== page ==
This 1997 version of Offenbach's operetta classic serves up a veritable banquet for eyes and ears, with the irrepressible Natalie Dessay in the role of Eurydice and Yann Beuron as Orpheus providing a display of vocal and verbal pyrotechnics.
Eurydice - Natalie Dessay
Orphée - Yann Beuron
Asistée - Pluton - Jean-Paul Fouchecourt
Jupiter - Laurent Naouri
L'Opinion Publique - Martine Olmeda
and other singers
Operanet: How old were you when you discovered you had a voice?
Natalie Dessay: I was 20. Before that, I wanted to be an actress. I was supposed to sing in a play I was performing, and I started to take singing lessons so that it would be all right. That's when they told me I had a nice voice and I should study singing.
Operanet: With whom did you study?
ND: No one you ever heard of, private lessons.
Operanet: You never attended the conservatory?
ND: Yes, but that's not where I learned to sing. You don't learn to sing at the conservatory, as we all know.
Operanet: I read that you consider acting almost more important than singing...
ND: It is more important. For me, singing and music are only a means of expression, the goal being a theatrical and emotional experience.
Operanet: Would you say, for example, that it is 60% acting and 40% music?
ND: No, for me it would be 70% theater and 30% music and voice, which is not to say that it is unimportant, because you must have that 30%. You can't say, "I act and I don't care if I don't sing well." You must sing well and make music, be a musician. But that's only 30% of the singer's work, even if that 30% is primordial.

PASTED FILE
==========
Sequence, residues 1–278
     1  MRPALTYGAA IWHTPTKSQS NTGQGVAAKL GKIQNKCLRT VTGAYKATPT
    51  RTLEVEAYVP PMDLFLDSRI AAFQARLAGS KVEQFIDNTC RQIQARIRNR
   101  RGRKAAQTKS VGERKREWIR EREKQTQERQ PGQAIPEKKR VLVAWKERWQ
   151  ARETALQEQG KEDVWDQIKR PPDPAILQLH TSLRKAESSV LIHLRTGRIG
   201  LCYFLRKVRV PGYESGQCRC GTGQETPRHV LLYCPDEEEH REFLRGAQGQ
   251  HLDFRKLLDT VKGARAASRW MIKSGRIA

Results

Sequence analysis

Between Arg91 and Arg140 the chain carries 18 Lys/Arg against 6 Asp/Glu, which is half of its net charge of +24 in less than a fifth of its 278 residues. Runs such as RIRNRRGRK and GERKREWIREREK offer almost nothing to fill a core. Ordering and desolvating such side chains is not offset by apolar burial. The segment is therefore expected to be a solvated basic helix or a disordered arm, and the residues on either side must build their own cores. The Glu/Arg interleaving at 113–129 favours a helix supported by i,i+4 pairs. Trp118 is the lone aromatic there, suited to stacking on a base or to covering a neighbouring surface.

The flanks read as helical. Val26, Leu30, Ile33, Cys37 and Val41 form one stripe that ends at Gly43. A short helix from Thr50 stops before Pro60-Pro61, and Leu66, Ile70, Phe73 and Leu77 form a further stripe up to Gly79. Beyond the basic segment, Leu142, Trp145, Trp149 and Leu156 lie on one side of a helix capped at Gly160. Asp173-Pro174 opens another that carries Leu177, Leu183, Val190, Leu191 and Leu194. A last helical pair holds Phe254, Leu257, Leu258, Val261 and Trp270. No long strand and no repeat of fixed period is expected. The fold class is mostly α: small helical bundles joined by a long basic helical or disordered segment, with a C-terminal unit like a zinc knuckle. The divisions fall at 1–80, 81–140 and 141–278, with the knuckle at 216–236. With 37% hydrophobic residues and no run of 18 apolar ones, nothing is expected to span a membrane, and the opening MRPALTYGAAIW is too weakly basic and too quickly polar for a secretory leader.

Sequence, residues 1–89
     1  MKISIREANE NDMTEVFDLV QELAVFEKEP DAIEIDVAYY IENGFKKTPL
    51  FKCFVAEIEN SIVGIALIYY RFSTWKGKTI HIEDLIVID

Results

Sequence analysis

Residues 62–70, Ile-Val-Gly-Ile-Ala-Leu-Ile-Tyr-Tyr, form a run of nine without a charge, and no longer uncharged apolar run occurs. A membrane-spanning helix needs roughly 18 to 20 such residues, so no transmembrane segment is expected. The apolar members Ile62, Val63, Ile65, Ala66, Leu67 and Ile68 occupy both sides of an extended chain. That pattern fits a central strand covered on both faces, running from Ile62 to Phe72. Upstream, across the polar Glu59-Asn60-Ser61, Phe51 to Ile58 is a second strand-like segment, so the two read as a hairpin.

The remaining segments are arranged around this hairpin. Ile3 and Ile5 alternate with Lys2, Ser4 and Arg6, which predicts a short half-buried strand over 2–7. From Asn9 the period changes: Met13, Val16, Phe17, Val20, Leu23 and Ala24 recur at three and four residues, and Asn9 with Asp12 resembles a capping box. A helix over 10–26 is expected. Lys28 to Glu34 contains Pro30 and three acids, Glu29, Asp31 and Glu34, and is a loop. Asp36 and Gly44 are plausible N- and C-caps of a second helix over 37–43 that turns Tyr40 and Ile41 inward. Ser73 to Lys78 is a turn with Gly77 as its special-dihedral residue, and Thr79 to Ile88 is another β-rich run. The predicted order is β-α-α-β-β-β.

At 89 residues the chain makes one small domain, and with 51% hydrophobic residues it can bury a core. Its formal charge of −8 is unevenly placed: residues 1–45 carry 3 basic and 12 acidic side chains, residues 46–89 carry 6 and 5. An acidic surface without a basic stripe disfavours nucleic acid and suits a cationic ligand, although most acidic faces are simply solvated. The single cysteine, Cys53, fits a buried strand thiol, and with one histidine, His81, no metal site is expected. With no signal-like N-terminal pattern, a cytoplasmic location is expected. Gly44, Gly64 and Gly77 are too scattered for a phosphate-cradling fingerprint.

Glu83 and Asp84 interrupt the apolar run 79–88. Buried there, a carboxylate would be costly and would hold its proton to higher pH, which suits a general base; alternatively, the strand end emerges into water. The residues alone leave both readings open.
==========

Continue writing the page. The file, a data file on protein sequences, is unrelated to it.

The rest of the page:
Operanet: When I saw you in the role of Ophélie in (by Ambroise Thomas) in Geneva, I wrote that you sang in just about any position other than one comfortable for singing.
ND: Definitely, because if you want to sing without moving around, all you have to do is give concerts.
Operanet: Yes, but if you are all twisted?
ND: It's harder, but it's more fun. It's more amusing, and I think that physical expression is also part of the theater. You shouldn't hesitate to act as in real life. You don't always stand with your feet firmly planted to say what you want or do what you want. You use your body in all sorts of positions depending on whether you are suffering, you're happy, and in fact you don't even think about it. You don't say, "I'm going to put my feet up against the wall because it will be fun". No, it's because you think it is important for the character to let himself go physically at that moment.